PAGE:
Even better, imagine Uncle – federal employees – knew a certain carmaker was selling cars with a catalytic converter defeat device; or even merely defective converters.

Hell to pay, again.

Damages, too.

So why not here?

In law, it is supposed to be the principle of the thing that decides a case. Put another way, a uniform standard is supposed to be applied, else the laws are arbitrary gibberish. Which is in fact exactly what they are.

If the law had any substance, legions of federal employees who have signally not “kept us safe” would be frog-marched before the bench to face – and answer – charges of criminal negligence under the FTCA.

Not just for allowing known-to-be-dangerous auto-piloted cars to be beta tested on public roads, either. One could also bring a tort action against federal employees for knowingly allowing defective (shrapnel-spewing)air bags to remain in circulation. These have also killed – unlike VW, whose “cheating” diesels never were proved to have induced so much as a cough in an actual, living human being.

But VW was practically nailed to the cross.

Autopiloted mayhem? Meh… .

Which tells you a lot about Uncle’s real concern.

. . .

Got a question about cars – or anything else? Click on the “ask Eric” link and send ’em in!

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    • Hi Nasir,

      I saw this, too. If it goes into effect so will Why Bother? There will no longer be any point to driving – much less buying – anything more than a basic transportation appliance. At least in terms of performance. Porsche, brands like it – gone.

      All that’s left will be who has the “coolest” apps.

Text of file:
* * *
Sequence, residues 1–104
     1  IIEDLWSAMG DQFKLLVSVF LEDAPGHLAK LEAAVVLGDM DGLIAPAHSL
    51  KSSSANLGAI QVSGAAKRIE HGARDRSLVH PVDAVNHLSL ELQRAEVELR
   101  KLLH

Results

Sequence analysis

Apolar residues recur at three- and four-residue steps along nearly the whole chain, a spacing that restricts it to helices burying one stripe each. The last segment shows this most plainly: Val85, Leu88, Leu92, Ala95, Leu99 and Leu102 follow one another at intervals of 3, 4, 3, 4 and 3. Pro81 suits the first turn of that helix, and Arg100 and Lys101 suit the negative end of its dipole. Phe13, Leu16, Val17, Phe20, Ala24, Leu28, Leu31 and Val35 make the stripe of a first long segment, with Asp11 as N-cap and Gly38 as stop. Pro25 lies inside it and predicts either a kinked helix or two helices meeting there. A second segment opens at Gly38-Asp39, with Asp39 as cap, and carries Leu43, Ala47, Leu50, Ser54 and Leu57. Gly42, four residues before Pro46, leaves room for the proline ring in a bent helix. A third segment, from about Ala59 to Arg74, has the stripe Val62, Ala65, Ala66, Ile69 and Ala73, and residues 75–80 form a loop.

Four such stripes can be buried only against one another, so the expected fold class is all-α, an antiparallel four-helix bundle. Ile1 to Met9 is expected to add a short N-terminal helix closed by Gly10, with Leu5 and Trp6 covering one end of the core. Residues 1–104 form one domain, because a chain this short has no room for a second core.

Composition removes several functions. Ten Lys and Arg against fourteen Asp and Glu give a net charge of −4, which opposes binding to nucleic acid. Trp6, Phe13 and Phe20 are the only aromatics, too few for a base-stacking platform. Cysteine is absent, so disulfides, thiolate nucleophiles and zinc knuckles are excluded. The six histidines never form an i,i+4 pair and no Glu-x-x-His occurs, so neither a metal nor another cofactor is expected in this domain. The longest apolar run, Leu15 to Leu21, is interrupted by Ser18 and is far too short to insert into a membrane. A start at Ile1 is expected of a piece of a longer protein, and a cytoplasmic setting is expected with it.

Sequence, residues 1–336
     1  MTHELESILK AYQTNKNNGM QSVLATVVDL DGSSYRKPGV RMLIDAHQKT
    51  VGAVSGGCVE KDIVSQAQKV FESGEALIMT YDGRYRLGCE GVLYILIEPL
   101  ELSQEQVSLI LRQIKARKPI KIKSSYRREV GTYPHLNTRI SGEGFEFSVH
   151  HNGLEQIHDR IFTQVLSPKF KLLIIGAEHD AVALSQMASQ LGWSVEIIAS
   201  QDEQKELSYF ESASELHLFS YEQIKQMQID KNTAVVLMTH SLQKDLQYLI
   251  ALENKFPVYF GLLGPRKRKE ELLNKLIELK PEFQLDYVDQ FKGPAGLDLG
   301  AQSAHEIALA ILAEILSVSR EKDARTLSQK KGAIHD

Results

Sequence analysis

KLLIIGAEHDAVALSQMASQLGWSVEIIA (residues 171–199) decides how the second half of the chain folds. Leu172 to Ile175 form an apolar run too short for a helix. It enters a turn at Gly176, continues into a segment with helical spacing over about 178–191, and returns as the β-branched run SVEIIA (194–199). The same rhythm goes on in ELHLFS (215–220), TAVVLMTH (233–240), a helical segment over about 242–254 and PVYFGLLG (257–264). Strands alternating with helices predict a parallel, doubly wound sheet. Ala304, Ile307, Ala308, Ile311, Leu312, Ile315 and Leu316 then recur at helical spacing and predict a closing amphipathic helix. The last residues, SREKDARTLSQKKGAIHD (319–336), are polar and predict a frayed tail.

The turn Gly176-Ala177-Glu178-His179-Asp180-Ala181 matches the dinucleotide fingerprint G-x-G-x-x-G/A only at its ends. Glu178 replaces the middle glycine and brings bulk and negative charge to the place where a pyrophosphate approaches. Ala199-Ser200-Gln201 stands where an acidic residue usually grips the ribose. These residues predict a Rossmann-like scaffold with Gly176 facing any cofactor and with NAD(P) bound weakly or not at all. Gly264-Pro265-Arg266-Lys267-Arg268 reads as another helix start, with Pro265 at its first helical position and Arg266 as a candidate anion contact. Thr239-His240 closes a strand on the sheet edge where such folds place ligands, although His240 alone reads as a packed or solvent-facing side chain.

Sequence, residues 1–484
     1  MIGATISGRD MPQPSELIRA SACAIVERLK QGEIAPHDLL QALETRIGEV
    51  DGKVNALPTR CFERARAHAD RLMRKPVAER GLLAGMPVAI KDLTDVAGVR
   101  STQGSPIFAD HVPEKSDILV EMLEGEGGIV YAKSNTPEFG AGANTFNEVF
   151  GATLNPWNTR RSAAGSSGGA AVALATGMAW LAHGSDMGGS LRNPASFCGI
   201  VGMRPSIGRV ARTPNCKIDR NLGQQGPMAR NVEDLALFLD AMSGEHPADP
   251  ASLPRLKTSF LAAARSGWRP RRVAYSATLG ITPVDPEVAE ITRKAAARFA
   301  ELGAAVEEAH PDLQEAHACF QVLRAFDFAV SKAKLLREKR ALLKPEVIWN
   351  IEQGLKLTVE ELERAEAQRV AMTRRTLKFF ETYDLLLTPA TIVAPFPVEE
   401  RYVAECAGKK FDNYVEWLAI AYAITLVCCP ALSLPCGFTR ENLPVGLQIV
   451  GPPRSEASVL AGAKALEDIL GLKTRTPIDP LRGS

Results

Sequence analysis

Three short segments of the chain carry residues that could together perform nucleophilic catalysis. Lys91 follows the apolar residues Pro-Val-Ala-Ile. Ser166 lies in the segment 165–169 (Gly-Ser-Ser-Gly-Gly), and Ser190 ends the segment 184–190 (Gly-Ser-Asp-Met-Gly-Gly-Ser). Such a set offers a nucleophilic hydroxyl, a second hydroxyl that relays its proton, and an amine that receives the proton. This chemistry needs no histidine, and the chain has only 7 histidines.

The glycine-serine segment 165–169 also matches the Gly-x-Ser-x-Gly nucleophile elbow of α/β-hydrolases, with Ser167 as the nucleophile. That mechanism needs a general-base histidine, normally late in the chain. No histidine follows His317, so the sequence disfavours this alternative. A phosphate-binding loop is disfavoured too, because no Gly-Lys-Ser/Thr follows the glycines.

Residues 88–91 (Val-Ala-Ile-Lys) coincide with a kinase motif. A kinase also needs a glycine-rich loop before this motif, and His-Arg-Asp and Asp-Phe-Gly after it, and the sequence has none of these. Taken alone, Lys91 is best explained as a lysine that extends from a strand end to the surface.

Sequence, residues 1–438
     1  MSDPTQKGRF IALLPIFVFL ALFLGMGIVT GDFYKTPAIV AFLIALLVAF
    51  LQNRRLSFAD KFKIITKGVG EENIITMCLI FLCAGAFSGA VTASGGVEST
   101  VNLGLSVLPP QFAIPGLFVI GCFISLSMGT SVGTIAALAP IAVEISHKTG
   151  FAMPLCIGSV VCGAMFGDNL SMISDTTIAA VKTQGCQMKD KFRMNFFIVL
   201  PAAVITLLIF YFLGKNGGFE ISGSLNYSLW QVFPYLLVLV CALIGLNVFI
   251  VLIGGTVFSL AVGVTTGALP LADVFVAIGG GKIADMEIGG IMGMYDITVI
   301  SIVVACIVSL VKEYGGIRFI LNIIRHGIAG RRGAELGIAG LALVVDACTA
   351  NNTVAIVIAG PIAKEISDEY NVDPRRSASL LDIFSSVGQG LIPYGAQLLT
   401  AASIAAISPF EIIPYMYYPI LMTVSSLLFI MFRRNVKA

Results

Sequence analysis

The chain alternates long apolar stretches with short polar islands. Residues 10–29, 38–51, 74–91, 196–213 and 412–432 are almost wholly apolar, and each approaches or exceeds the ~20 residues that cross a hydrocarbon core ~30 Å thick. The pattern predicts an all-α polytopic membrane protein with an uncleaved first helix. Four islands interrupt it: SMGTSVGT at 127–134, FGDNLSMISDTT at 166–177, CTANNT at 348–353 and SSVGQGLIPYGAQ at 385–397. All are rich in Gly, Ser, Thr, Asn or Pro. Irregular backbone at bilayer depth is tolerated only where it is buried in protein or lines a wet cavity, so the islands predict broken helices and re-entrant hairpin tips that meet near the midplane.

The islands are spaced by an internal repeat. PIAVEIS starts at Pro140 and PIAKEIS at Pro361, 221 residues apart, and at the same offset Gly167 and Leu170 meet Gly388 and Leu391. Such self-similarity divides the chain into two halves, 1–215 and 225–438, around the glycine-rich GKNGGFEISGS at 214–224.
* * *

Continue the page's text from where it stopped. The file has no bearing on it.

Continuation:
I feel ill.

      • honestly – same here. Find it depressing… Europe is beautiful…. and meant to be seen by road….. and this will completely mess it up….

        Some weeks ago a cousin was here and he rented a car. It was hard wired with tracking and a dash-cam…. we found that shocking enough….

        Now this 😛 Then they wonder why I hate the EU….. fuck them…

        • Late model used cars won’t be around very long- they’re not built to last. So many have automatic trannies, which are garbage- and which cost mamny THOUSANDS of dollars to replace/rebuild; Touchscreen goes ojut, and ya can’t work the controls? $$$. VVT/VCT problem? $$$. Dual fuel system?GDI problem? $$$. Turbo problem? $$$.

          Alternator on a new Ram truck? $1500. Just to replace a starter on some of these cars can cost over $1000. Some of these cars are already (when NEW) burning oil like a worn-out ’57 Dodge……

          These late-model cars today are disposable. Once out of warranty, one or two things break- just throw ’em out, or you’ll be spending multiple thousands every year just to keep ’em going.

          I believe this making of cars so jam-packed full of delicate electronics, compiuters and high-tech delicate mechanical systems, was on purpose, for the very reason of leaving us with no alternatives to new cars in the near future.

          • I’m afraid you’re right. Manual trannies have all but gone the way of the Dodo. My 2015 Focus, wonderful though it is, has one of those dual clutch auto trannies; I hope it lasts a good long time. Though it doesn’t have a touch screen, it has enough tech on it to make my 2006 Nissan look and feel ancient.

            My ’06 Altima has a 4 speed auto, though it’s a conventional auto (hydraulic with torque converter) that’s a solid design; the tranny is still shifting smoothly on it. The engine is still good and strong too. I was trying to sell it, but who wants a 13-14 year old car with 190k on the clock? Maybe it’s a blessing in disguise, so I can keep the thing.

          • When it comes time to replace my Focus, I’ll look for an older (pre 2015) Toyota or Honda. They’re still well built; they’ll still last a long time without costing buku bucks. There’s a REASON why Toyotas and Hondas hold their value so well…